Using Safe-Updates Mode (--safe-updates)

For beginners, a useful startup option is --safe-updates (or --i-am-a-dummy, which has the same effect). Safe-updates mode is helpful for cases when you might have issued an UPDATE or DELETE statement but forgotten the WHERE clause indicating which rows to modify. Normally, such statements update or delete all rows in the table. With --safe-updates, you can modify rows only by specifying the key values that identify them, or a LIMIT clause, or both. This helps prevent accidents. Safe-updates mode also restricts SELECT statements that produce (or are estimated to produce) very large result sets.

The --safe-updates option causes mysql to execute the following statement when it connects to the MySQL server, to set the session values of the sql_safe_updates, sql_select_limit, and max_join_size system variables:

SET sql_safe_updates=1, sql_select_limit=1000, max_join_size=1000000;

The SET statement affects statement processing as follows:

To specify result set limits different from 1,000 and 1,000,000, you can override the defaults by using the --select-limit and --max-join-size options when you invoke mysql:

mysql --safe-updates --select-limit=500 --max-join-size=10000

It is possible for UPDATE and DELETE statements to produce an error in safe-updates mode even with a key specified in the WHERE clause, if the optimizer decides not to use the index on the key column:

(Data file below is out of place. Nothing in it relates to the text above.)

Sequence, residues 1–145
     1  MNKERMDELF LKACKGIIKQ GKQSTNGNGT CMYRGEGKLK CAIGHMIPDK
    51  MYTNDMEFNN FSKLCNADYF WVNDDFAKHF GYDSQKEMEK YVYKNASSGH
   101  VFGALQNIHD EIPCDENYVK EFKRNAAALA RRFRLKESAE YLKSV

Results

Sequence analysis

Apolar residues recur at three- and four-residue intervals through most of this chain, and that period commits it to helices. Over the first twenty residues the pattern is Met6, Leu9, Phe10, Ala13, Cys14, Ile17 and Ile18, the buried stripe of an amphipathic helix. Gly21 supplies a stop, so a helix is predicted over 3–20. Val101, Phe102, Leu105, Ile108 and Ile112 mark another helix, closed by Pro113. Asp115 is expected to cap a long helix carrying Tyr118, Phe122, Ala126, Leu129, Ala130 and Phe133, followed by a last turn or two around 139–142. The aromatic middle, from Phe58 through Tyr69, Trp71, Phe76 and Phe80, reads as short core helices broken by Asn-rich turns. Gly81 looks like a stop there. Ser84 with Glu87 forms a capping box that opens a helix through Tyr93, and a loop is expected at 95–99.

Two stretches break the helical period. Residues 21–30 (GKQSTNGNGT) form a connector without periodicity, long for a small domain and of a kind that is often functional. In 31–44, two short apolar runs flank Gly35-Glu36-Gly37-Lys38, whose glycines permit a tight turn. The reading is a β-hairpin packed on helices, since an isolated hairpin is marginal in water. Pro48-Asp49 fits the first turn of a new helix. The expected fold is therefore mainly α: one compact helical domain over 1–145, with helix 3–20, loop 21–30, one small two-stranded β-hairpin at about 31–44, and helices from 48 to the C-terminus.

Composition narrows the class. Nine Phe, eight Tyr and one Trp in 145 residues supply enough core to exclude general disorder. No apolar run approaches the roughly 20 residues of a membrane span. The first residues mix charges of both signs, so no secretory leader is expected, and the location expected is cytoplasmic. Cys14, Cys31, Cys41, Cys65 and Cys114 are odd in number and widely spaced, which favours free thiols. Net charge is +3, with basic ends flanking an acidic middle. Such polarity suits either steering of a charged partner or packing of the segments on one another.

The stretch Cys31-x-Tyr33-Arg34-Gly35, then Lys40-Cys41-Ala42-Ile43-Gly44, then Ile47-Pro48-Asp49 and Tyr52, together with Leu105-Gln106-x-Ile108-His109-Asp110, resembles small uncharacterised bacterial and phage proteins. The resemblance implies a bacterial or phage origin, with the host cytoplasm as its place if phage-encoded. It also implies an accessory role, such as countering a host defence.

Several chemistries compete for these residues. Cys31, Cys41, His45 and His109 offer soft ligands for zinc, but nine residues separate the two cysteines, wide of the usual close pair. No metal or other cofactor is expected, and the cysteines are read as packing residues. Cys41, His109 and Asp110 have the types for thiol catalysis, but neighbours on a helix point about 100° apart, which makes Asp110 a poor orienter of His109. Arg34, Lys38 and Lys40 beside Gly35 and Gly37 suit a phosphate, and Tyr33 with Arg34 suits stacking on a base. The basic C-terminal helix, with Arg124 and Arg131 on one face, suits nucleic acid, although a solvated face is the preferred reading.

As of MySQL 5.7.25, safe-updates mode also includes these behaviors:

Disabling mysql Auto-Reconnect

If the mysql client loses its connection to the server while sending a statement, it immediately and automatically tries to reconnect once to the server and send the statement again. However, even if mysql succeeds in reconnecting, your first connection has ended and all your previous session objects and settings are lost: temporary tables, the autocommit mode, and user-defined and session variables. Also, any current transaction rolls back. This behavior may be dangerous for you, as in the following example where the server was shut down and restarted between the first and second statements without you knowing it:

mysql> SET @a=1;
Query OK, 0 rows affected (0.05 sec)

mysql> INSERT INTO t VALUES(@a);
ERROR 2006: MySQL server has gone away
No connection. Trying to reconnect...
Connection id:    1
Current database: test

Query OK, 1 row affected (1.30 sec)

mysql> SELECT * FROM t;
+------+
| a    |
+------+
| NULL |
+------+
1 row in set (0.05 sec)

The @a user variable has been lost with the connection, and after the reconnection it is undefined. If it is important to have mysql terminate with an error if the connection has been lost, you can start the mysql client with the --skip-reconnect option.

For more information about auto-reconnect and its effect on state information when a reconnection occurs, see Section 27.7.19, “C API Automatic Reconnection Control”.

mysql Client Parser Versus Server Parser

The mysql client uses a parser on the client side that is not a duplicate of the complete parser used by the mysqld server on the server side. This can lead to differences in treatment of certain constructs. Examples: